Automation is coming, whether we like it or not; we need to reap the benefits of robots

Automation is coming, whether we like it or not; we need to reap the benefits of robots

Both governments and individuals worldwide should be prepared for the ‘robotic revolution’ which could become a reality soon

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Are we truly prepared for a future where we no longer need to work or can no longer compete with the precise nature of robots? No – and perhaps it’s time we started getting ready for it.

Many teenagers will be familiar with the “they did surgery on a grape” meme, which exploded on social media in November. The original grape surgery, conducted by the Da Vinci Surgical System at Edward Hospital in Naperville, in the US state of Illinois, happened in August 2010. The popularity of the robotic surgeon has since increased a lot.

There were more than 4,000 such units in operation as of September 2017, with one version of the system priced at just under US$2 million.

Despite its reputation as a meme, the robotic grape surgery holds darker implications for the rest of us – it offers a taste of the widespread automation to come in the near future.

Why some HK students, and teachers, are in favour of the copying robot - and some are not

According to some estimates, for example, self-driving trucks will hit the roads within five to seven years. At the moment, there are almost six million truckers worldwide, who are completely unprepared for the mass unemployment set to be brought about by the “robotic revolution”.

This is just one industry; there are hundreds of millions of jobs, which are not particularly complex, which can be done by machines.

The first robotic surgery on the mainland was conducted last year. The country is heavily investing in robot surgeons because of a shortage of qualified humans.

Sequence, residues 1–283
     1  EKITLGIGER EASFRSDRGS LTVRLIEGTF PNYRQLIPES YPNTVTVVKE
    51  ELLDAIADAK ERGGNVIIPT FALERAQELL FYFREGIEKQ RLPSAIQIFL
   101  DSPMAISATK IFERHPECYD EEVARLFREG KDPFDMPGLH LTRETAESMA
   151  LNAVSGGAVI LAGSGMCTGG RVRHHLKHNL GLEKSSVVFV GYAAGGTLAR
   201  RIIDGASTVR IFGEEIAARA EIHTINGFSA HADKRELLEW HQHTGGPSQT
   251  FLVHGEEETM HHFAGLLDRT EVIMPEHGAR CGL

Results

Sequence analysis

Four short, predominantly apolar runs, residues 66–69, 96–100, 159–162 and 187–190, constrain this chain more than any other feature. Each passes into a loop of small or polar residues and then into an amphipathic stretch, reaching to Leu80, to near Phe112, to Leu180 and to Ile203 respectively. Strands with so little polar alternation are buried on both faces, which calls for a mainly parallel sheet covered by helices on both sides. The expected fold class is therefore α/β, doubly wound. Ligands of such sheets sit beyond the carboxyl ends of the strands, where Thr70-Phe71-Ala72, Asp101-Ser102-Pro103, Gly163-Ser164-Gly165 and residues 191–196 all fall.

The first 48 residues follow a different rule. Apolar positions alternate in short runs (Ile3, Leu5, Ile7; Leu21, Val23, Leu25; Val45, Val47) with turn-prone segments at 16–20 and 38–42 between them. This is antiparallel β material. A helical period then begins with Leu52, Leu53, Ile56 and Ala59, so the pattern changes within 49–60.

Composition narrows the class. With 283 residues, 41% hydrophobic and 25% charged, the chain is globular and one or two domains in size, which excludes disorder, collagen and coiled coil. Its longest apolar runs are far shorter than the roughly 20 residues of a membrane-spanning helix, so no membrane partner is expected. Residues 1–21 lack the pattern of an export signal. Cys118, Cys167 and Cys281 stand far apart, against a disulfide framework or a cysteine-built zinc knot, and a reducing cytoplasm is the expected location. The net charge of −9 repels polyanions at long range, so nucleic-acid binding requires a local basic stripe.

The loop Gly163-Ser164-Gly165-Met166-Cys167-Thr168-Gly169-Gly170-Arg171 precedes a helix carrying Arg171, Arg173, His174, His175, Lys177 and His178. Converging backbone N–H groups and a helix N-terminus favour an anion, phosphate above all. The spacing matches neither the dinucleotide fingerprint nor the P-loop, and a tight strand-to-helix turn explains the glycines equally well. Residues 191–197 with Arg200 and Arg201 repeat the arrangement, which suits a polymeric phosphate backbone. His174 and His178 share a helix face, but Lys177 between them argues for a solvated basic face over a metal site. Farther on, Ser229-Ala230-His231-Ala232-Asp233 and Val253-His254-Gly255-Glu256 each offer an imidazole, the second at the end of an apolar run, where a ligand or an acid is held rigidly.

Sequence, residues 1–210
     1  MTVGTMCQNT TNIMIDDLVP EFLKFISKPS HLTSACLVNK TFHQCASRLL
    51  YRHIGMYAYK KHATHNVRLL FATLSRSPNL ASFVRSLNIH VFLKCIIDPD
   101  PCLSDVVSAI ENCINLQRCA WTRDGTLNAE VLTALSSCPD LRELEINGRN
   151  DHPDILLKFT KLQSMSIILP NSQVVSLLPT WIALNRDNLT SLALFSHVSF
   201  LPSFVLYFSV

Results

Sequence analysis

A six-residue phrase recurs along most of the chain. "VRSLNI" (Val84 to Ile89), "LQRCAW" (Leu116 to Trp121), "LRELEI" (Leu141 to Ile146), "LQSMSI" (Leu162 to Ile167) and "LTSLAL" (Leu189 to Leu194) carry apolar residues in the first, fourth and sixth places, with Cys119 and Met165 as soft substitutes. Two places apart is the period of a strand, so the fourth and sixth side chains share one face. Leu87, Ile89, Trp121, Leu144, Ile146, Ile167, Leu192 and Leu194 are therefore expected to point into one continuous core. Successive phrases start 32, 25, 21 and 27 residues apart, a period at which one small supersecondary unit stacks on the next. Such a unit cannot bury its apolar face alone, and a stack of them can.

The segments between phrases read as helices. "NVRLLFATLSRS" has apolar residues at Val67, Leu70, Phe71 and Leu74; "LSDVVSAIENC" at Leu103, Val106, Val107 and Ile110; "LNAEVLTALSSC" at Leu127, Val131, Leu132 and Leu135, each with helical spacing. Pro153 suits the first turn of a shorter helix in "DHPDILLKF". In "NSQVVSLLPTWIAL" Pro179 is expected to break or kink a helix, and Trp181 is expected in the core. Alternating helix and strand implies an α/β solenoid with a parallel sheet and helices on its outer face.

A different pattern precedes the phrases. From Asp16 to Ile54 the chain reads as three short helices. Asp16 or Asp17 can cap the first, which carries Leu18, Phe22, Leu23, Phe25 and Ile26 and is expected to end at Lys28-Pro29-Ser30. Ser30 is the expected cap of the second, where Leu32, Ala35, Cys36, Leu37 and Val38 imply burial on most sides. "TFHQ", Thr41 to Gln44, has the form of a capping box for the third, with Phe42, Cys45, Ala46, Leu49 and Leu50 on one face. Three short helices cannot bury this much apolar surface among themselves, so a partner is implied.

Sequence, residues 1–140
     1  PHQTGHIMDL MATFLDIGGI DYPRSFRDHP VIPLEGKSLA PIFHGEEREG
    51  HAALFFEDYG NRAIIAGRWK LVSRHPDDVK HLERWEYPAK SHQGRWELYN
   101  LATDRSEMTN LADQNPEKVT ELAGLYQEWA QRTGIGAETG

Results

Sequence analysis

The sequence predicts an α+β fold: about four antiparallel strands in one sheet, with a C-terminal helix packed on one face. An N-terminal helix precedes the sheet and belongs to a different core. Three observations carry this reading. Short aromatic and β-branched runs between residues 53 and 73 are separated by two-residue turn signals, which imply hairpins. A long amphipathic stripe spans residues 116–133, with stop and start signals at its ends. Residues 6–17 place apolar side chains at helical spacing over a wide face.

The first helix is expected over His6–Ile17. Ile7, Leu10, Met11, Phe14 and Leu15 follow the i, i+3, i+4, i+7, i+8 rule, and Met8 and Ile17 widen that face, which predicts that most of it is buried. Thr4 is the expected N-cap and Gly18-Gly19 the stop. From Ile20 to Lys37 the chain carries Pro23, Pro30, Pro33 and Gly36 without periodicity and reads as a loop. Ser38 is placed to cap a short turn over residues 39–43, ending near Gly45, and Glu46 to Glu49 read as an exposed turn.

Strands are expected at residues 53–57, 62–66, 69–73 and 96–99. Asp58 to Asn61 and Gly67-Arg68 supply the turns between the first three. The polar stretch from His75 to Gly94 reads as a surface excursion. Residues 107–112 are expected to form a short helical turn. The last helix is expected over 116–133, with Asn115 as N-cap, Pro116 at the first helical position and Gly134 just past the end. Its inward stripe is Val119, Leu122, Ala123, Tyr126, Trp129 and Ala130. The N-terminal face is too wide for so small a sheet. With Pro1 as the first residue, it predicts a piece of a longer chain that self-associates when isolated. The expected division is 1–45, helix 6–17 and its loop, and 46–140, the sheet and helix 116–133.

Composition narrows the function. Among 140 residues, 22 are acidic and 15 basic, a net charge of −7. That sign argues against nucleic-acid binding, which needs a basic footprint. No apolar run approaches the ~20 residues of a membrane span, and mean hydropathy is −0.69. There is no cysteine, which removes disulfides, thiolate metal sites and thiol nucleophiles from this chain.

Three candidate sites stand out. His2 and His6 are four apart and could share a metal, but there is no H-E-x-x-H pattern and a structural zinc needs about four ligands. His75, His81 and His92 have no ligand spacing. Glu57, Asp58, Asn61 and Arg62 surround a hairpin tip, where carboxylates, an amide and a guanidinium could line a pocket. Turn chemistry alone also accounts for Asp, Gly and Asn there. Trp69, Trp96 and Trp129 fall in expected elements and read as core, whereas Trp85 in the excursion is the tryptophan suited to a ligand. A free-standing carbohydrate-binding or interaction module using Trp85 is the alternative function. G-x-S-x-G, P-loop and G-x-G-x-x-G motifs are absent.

Economically, are technological advances our friend, enemy, or frenemy?

Many people are asking how we can maximise the benefits inherent in automation, such as a universal basic income, mass retraining, and redirection of educational resources and cultures. However, these solutions won’t matter if governments don’t have their fingers on the pulse, proactively intervening to mitigate the potential economic destruction caused by automation.

Soon after automation becomes widespread, we will have to wrestle with deeper philosophical questions. In a world where we’re too often defined by what we do for a living, the alleviation of the need to work for a living has the potential to wreak havoc on the sanity and self-image of millions of people.

The robot age is coming but there is no need to panic

Our culture today is vastly underprepared to deal with a world where we live for the sake of life, as opposed to as a means to an end.

Automation has the potential to bring about unprecedented freedom and abundance, the likes of which we have never previously had. However, it comes at the potential cost of economic and psychological destruction, which can only be tackled through careful planning by governments – and individuals – worldwide.

Edited by M. J. Premaratne

This article appeared in the Young Post print edition as
We need to reap the benefits of automation

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